Categories
Imported From Epistula tv

Review – The West Wing

Okay, take a painting.

It’s wonderful, a masterpiece. Every item has it’s perspective just right, the shading is perfect, and things that are misted are lightly fogged out. You don’t get details, but then, you don’t need details. It’s a beautiful painting.

The one beside it is the same, but better.

The third is just as beautiful as the first two, but occasionally the shading is a little off.

The forth makes up for the shading with wonderous colours, gorgeous shading, and generally being wonderful.

The fifth picture is like the first two, except where once there was fine watercolours, light fogging of the things you don’t need, and smudges of colour, someone is outlining every item in thick black marker pen.

And that is my opinion of the fifth series of The West Wing. So far.

Categories
Imported From Epistula MotW Personal

Music

Recovered from cold.

Will start back on actual content in November.

10 entries in a month not good.

Full sentances also not good.

Recreated version of The Divine Comedy’s track “The Booklovers” as filked to 80’s kids TV shows.

The BodLovers

Categories
Imported From Epistula Personal

Cold

I have a cold.

This is my excuse, and it’s a good excuse. Me having a cold has three main effects on my life, and they are these:

One: It means the amount of tea I drink is the same, but the level of sugar goes up, and is occasionally supplimented by lemon_juice+honey+ginger+boiling_water. Also, my working environment is given a festive air as slowly drifts of used tissues build up and occasionally avalanche into other things.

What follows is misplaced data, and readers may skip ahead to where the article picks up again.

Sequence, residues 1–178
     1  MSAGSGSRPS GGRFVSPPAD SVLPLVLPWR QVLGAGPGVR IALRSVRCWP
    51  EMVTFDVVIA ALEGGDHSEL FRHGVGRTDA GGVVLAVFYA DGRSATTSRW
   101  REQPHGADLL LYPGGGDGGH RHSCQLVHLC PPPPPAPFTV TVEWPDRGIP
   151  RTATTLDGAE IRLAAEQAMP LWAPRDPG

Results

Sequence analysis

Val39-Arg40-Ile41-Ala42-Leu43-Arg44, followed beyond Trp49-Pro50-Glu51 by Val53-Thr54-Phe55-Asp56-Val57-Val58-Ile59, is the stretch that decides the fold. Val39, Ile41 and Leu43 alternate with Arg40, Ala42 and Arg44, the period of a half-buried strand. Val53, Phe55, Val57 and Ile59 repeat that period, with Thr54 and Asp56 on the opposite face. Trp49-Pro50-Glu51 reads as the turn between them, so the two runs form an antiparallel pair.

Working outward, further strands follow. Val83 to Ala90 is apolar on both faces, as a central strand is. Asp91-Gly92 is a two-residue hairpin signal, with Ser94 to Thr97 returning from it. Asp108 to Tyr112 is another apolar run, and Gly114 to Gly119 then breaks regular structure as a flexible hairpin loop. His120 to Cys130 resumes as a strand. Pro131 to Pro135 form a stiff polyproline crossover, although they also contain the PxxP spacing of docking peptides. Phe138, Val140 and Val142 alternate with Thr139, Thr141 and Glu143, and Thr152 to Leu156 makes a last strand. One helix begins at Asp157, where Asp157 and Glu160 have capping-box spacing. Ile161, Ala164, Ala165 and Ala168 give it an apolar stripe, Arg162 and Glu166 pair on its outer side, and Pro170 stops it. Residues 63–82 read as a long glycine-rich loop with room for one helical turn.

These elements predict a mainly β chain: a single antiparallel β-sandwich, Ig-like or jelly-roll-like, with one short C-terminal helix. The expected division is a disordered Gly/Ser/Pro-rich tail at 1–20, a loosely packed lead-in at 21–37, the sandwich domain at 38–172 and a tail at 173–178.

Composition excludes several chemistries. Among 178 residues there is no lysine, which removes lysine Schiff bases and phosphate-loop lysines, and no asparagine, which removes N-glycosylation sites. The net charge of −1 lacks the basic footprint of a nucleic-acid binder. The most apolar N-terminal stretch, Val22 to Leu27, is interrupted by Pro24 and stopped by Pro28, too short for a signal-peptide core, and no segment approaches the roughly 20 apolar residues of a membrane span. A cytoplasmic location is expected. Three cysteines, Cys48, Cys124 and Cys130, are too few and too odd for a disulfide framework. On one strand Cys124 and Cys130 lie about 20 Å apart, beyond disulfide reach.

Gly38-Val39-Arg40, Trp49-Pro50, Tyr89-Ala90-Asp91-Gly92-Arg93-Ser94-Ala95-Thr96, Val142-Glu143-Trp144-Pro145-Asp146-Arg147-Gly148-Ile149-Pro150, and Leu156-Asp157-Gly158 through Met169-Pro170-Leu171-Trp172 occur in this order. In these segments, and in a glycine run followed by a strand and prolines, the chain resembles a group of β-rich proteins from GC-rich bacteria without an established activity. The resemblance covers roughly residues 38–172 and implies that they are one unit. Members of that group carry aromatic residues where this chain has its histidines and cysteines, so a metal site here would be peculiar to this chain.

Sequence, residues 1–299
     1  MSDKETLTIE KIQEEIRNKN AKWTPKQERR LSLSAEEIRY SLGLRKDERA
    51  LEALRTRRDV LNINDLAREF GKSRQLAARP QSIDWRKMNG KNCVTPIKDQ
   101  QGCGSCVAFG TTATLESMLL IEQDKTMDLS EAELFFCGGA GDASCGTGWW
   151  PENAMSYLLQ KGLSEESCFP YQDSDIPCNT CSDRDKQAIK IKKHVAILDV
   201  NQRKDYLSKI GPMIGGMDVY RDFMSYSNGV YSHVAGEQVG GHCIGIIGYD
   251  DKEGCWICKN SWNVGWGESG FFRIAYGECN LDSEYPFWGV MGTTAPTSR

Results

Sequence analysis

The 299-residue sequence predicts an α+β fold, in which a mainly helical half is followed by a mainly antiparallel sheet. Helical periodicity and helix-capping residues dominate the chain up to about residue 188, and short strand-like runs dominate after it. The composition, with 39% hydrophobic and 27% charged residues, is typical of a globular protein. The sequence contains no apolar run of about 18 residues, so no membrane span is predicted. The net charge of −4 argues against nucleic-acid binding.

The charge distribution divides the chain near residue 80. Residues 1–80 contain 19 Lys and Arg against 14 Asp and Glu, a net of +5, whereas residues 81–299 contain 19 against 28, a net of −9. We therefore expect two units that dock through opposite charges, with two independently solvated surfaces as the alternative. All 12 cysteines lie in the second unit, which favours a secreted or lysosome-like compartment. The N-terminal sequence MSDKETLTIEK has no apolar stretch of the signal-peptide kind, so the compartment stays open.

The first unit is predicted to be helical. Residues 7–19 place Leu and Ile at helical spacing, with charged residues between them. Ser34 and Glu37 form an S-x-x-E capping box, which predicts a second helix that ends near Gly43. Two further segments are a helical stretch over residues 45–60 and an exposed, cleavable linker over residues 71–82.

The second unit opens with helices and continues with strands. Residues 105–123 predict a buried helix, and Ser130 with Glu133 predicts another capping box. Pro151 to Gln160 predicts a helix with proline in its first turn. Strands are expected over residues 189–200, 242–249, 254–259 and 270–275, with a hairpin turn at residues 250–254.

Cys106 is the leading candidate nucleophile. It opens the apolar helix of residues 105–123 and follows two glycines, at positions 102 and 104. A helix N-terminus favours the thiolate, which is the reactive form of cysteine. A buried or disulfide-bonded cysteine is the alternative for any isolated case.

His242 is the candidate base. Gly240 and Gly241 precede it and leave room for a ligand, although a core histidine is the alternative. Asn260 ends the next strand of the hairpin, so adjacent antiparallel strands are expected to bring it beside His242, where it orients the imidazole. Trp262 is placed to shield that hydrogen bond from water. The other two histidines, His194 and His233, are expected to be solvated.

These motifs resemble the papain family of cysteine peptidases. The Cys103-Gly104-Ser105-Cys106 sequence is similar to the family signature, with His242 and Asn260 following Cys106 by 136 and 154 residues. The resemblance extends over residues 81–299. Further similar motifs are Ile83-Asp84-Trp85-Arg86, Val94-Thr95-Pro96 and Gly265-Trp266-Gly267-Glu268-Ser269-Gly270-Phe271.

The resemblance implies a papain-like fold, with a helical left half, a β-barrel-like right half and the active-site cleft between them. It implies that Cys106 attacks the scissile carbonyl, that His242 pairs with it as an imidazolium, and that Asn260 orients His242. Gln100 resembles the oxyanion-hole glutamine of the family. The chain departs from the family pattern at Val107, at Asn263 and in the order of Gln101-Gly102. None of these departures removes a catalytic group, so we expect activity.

Hang on, that was a second thing, wasn’t it? Okay, four main effects on my life.

The second, um, third, effect is a general inability to do anything, assisted by an increase in feeling sorry for myself.

Forth. Sod, There are five effects on my life.

Forth: Voice. My voice loses an octave. My voice does not have a surfit of octaves as it is, and so this tends to cause people to feel vaguely uncomfortable when I’m speaking to them…

Three: Butterfly.

I suffer from a condition known as “Butterfly Syndrome”. It’s a distinct ability to/curse of leaping from topic to topic without touching them for very long. Usually this happens mid-paragraph, but a cold shrinks my attention span to the point where I will frequently forget a sentance before I’ve reached the middle of it, and gone onto the sentance three steps down.

So I’ve gone from writing about quitting weblogging three steps down to the point where I make a sheepish return, without it ever appearing on the server. I’ve gone from the long tale about the death of reef, my main server, to having rebuilt it and composed two posts on the subject, though you never saw them.

So rest assured, I am journaling, It’s just that the entries aren’t escaping the bounds of my – quite literally – fevered imagination.

Categories
Imported From Epistula social

A long expected party

When Mr Amery of Cambridge announced that he would shortly be celebrating his score and sixth birthday with a party of special magificence, there was much talk and excitement in Hobbiton. When this was to be coupled with the birthdays of Matthew & Sally, as well as them – plus Sarah, it proved the cue. Not for a song, but for a party.

I was invited to this party, obviously. I mean, I could be writing what will probably be a long and over-referenced report of an event I wasn’t invited to and its surrounding events, but there are few things duller than a long description of a party you didn’t go to.

Ahem

It was a dark and stormy night.

Well. It was a bright and crystal clear afternoon, and the wind whiped around Reading, for it is Reading where our tale begins. (There are few places where you will encounter both Tolkien and Bulwer Lytton references within a few paragraphs of each other. Welcome to Aquarionics, home of the badly matched crossover. See? I’m six paragraphs into the report, and I haven’t left the house yet).